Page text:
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Every last grain? 2007/12/18 07:26
Hello! I was reading that the Japanese eat all of their food, like no scraps what-so-ever. Is that true? How are you supposed to eat every grain of rice? Does leaving some food in the bowl actually mean that you want more?
by RainyDays  

Food 2007/12/18 10:53

I was reading that the Japanese eat all of their food, like no scraps what-so-ever. Is that true?

Not all Japanese people think or act in the same way, but many people brought up before or during the second world war regard food as something that should not be wasted. I think this no different from people in other countries who experienced food shortages during the war. As a guest, leaving food uneaten might suggest to the host that you didn't like it, but again, I don't think this is particular to Japanese.

Does leaving some food in the bowl actually mean that you want more?

Never heard of that. I would interpret cleaning one's plate as meaning you could still eat more.
by Dave in Saitama rate this post as useful

yes 2007/12/18 11:33
Even today, children are taught by parents and teachers to eat every grain on your plate.

Whether you're polite enough to obey this is another story, but you shouldn't waste crop that farmers paid hard work for, and especially in an ecology-conscious era like today, you should decrease waste as much as possible. That's how the Japanese think.

I don't think eating every grain of rice is a difficult thing to do. You either pick them up with your chopsticks or scoop it with your fork or spoon. No problem.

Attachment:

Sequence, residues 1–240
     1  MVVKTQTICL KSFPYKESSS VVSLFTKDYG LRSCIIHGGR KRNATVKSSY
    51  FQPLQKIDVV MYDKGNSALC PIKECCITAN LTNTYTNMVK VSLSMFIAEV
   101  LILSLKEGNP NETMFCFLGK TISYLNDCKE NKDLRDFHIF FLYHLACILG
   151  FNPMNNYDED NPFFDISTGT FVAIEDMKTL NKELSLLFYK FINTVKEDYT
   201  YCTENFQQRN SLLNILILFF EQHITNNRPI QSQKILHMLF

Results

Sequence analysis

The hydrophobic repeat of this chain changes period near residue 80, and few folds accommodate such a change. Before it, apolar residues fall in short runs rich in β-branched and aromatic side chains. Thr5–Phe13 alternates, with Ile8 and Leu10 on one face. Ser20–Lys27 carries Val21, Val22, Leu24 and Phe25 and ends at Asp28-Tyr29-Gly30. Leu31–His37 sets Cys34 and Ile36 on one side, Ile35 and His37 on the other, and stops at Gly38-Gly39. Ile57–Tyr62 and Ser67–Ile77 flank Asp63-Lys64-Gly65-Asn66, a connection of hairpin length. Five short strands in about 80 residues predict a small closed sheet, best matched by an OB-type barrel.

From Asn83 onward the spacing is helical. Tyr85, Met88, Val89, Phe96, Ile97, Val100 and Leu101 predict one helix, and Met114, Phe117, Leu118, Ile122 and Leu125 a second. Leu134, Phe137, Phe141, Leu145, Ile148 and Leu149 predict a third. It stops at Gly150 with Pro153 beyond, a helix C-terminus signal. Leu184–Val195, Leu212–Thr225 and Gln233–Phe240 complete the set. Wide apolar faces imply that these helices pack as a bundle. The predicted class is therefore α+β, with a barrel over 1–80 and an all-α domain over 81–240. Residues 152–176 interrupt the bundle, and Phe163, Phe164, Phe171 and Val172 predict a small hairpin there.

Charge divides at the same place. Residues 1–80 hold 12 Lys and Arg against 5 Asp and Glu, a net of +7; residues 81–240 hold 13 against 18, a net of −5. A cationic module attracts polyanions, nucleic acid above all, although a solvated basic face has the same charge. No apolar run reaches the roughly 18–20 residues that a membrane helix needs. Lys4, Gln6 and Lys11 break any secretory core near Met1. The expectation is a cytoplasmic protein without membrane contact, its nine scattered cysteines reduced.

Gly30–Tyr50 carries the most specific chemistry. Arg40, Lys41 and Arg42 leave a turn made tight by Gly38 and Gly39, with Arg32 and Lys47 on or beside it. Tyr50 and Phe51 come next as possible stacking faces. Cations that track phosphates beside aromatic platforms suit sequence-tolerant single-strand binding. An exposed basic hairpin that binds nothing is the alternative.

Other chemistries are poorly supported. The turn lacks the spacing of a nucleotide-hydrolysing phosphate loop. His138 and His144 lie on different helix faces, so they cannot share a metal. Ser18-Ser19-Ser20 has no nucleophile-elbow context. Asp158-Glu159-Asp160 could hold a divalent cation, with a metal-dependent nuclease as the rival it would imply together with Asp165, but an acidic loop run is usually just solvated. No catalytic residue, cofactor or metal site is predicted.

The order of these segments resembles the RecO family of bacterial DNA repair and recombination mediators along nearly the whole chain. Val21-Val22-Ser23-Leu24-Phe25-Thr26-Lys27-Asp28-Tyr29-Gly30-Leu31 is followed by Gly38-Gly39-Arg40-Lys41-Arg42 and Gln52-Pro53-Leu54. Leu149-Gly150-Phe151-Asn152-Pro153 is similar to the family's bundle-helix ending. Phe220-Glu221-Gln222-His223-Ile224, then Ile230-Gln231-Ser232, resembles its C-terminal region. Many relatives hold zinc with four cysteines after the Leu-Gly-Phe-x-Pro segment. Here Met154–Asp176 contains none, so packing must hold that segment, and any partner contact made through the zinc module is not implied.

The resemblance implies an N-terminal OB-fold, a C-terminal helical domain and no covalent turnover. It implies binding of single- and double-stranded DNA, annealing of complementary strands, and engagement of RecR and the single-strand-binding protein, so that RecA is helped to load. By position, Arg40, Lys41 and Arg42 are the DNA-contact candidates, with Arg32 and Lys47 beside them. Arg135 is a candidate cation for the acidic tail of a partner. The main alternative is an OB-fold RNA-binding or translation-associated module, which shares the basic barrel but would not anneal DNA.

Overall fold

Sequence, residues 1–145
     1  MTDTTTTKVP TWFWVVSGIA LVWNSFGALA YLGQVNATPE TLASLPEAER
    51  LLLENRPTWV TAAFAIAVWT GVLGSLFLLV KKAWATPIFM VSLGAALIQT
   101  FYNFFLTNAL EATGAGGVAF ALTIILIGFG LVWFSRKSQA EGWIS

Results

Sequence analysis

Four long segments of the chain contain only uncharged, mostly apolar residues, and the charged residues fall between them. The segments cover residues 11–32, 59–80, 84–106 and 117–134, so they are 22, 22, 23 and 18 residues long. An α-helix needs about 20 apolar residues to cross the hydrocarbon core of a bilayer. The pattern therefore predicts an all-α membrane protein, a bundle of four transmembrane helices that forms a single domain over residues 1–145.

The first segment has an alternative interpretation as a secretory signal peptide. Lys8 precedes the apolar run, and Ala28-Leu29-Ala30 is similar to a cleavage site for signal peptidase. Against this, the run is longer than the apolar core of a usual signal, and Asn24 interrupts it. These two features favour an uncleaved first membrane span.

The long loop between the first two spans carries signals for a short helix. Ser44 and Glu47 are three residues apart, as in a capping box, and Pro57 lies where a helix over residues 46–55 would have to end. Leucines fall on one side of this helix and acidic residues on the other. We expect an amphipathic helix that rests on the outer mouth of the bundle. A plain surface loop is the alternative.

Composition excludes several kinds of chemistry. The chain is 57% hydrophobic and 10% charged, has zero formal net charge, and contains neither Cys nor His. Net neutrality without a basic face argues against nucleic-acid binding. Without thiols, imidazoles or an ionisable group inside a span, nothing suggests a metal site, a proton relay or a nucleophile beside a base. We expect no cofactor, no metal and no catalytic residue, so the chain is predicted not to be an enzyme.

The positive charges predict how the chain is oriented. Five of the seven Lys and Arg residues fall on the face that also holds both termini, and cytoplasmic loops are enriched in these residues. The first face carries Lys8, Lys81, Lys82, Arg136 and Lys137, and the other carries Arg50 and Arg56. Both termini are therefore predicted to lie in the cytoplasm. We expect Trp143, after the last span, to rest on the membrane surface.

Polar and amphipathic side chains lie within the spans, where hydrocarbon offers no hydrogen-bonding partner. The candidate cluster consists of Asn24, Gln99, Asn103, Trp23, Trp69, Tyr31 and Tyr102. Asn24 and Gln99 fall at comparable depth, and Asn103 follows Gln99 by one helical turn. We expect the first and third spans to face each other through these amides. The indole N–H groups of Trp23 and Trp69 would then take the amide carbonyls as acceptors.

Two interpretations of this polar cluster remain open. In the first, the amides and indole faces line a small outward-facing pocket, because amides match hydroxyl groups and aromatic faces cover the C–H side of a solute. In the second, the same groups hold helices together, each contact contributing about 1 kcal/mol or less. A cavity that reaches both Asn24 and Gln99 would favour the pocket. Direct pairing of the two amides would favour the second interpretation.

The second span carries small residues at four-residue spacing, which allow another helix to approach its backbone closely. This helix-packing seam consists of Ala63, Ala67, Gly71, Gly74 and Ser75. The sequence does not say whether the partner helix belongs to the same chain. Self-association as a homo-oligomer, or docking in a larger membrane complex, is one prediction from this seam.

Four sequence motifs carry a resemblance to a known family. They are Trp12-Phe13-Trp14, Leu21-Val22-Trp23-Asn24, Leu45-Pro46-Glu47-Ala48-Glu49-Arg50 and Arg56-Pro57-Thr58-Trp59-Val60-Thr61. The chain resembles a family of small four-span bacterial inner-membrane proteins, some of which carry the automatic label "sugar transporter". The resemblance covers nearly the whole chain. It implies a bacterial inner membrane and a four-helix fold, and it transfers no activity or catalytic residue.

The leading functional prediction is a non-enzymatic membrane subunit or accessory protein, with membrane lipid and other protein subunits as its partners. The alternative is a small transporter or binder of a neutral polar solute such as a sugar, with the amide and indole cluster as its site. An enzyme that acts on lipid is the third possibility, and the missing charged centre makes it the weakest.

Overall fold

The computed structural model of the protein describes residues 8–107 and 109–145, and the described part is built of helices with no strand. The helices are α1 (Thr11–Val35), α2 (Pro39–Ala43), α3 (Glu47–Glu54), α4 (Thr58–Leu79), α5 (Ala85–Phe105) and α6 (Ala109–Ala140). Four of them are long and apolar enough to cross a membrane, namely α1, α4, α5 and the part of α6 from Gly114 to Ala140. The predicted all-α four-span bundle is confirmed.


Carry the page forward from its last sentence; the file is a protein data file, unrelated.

Leaving ONE BITE-FULL of rice in the RICE bowl actually does imply you want more. The host/hostess can take a look at your bowl and if (s)he sees that "sign" (s)he can ask if you want more, which will be a less "greedy" way than for you to be the one to ask first.

In other words, you are to have one bite-full of rice left in your bowl when asking for another serving. This applies both at homes and restaurants.
by Uco, Japanese mom rate this post as useful

. 2007/12/18 13:03
Rainy days in case you know or didn't know, this question reminds me of the poster who asked how do we eat rice grain by grain.

When you cook rice, it becomes sticker/thicker and they stick together where it is very easy to eat with chopsticks, or other utensils, and even in some cultures (not Japanese) with your fingers.

You don't literally eat rice one grain at a time, that would be silly.
by John rate this post as useful

. 2007/12/18 13:05
Totally random but someone brought up that old thread before I remembered it. You can see it under the FOODS section.
by John rate this post as useful

....marry ugly wife... 2007/12/18 13:25
I am an Asian brought up in a traditional family. As a kid, my mum would lecture us not to waste foods, as a matter of fact, to be thrifty. For a boy, she would say if you don't finish your rice you would marry an ugly wife with pimples on the face. I do not know what is the story for a girl.
I guess the teaching as not to waste foods is universal whether in a rich or poor country.
Is my wife ugly, fortunately, she is just a beauty because I ate my rice!!!
by tju rate this post as useful

I think it is partly Animist / Shinto 2007/12/18 14:48